Electric vehicles like the Tesla Model 3 and Volkswagen ID.4 offer a lot of benefits to their owners, such as zero tailpipe-emission driving and home charging. But there’s often been questions about the cost of EVs, as battery technology remains slightly more expensive than combustion engines.
The truth is that while those differences were once true, the cost of owning an EV has fallen in recent years. With Tesla and Volkswagen building a global platform to support dozens of EV models worldwide, the Model X and ID.4 for example can offer all the benefits of a compact SUV at a price that’s within reach of a typical new-car buyer. And for many people in the market for a new vehicle, an EV offers several ways to potentially reduce costs while helping reduce carbon emissions.
Here’s three ways that EV owners typically reduce costs:
Under current law, purchasers of certain electric vehicles qualify for a federal income tax credit of up to $7,500 (See important limitations below).
Subject to various limitations and qualifying criteria, state and local governments or other entities may also provide tax incentives or other benefits for certain EV buyers and lessees. There are several websites that provide information on potential incentives in your area. If available, these incentives could reduce the purchase/lease cost of an EV or PHEV.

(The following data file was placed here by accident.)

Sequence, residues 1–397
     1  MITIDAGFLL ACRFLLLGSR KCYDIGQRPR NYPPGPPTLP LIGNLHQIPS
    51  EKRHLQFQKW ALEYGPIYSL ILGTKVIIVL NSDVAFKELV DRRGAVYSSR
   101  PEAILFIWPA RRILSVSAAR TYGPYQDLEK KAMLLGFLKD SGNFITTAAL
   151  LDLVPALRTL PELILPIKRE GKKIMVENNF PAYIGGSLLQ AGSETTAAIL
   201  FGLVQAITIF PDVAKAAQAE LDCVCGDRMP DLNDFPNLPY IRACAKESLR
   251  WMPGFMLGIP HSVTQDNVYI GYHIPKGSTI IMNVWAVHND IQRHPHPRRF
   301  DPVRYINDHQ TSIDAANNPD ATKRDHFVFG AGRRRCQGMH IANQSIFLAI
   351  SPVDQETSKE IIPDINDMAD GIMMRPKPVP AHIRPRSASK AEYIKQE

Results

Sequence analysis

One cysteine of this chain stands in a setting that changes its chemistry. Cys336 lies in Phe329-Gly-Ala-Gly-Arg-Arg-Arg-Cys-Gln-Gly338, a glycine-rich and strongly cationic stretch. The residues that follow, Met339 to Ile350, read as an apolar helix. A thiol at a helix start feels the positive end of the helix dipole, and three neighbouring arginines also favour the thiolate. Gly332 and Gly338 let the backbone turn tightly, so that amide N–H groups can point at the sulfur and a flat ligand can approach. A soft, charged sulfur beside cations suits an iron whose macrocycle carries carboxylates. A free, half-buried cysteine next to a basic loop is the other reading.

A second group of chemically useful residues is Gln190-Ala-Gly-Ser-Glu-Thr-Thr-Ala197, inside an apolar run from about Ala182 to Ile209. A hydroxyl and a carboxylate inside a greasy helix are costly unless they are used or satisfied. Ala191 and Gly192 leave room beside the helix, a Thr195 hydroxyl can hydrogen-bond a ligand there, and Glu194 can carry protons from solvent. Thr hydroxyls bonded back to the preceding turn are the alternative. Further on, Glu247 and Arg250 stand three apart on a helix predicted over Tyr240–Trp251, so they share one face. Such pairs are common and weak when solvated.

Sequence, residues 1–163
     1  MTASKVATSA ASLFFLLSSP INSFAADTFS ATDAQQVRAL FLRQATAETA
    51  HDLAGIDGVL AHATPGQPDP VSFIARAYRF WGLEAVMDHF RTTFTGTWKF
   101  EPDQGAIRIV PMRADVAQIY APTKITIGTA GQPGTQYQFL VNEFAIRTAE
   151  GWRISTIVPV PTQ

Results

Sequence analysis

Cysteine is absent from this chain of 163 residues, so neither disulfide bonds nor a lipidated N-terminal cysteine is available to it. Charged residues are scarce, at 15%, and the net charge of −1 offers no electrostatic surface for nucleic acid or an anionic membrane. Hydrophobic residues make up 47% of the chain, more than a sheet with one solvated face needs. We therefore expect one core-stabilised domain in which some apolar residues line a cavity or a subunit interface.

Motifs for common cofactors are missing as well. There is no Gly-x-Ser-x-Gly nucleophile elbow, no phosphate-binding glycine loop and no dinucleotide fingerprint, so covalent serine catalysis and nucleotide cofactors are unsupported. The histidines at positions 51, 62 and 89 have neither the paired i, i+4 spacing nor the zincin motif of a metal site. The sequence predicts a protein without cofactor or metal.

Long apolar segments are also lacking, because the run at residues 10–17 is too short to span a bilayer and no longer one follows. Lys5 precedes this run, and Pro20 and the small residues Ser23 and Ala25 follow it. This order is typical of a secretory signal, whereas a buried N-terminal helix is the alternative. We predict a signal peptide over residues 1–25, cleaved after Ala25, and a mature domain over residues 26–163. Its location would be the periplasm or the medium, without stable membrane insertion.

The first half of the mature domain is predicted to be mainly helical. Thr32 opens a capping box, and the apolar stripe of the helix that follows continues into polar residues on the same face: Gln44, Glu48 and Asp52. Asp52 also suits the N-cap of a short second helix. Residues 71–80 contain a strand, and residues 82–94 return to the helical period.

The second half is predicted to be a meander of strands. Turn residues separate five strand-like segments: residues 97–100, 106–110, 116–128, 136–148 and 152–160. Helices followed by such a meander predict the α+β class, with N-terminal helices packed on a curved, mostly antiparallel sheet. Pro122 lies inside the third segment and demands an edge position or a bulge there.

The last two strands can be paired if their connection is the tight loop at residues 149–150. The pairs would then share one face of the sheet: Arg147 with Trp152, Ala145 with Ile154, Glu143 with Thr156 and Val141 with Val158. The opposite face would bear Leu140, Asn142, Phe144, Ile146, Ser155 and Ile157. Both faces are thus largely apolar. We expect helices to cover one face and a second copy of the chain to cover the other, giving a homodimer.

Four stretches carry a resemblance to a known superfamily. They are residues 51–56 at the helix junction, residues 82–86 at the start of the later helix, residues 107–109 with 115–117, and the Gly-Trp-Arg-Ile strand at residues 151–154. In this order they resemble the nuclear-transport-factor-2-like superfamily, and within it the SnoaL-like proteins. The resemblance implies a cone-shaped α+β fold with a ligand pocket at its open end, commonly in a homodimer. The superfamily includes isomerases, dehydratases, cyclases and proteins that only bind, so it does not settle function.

Thanks to using electricity to get around, powering an EV can cost significantly less than filling up the average new gasoline-powered vehicle. For the ID.4, charging at home could cost on average about $58 per month less than driving a new vehicle the same distance. Over five years, that could add up to over $3,500 in fuel savings.
With fewer moving parts and fewer routine needs like oil changes, EVs generally can cost less to maintain over several years than combustion vehicles. The Volkswagen ID.4 will come with two years or 20,000 miles (whichever occurs first) of scheduled maintenance services through Volkswagen’s Carefree Maintenance program to take care of routine items; beyond that, the ID.4 will have a four-year or 50,000-miles (whichever occurs first) bumper-to-bumper New Vehicle Limited Warranty and an eight-year/100,000-mile (whichever occurs first) limited warranty on the battery pack.
All of these cost estimates above will vary based on your unique situation. It may take a bit of homework but depending on your particular situation, the Tesla Model 3 and the Volkswagen ID.4 might help you save some money and embrace electric driving at the same time.
 The anticipated Federal income tax credit shown is for informational purposes only. The ID.4 has not yet been certified as credit eligible by the IRS. This information does not constitute tax or legal advice. Any available credits apply only on the purchase of a qualifying vehicle and are not available in a lease transaction. All persons considering use of available tax credits should consult a tax advisor to determine eligibility based on their specific tax situation. Tax credits are subject to various limitations not within Volkswagen’s control and are subject to change without notice.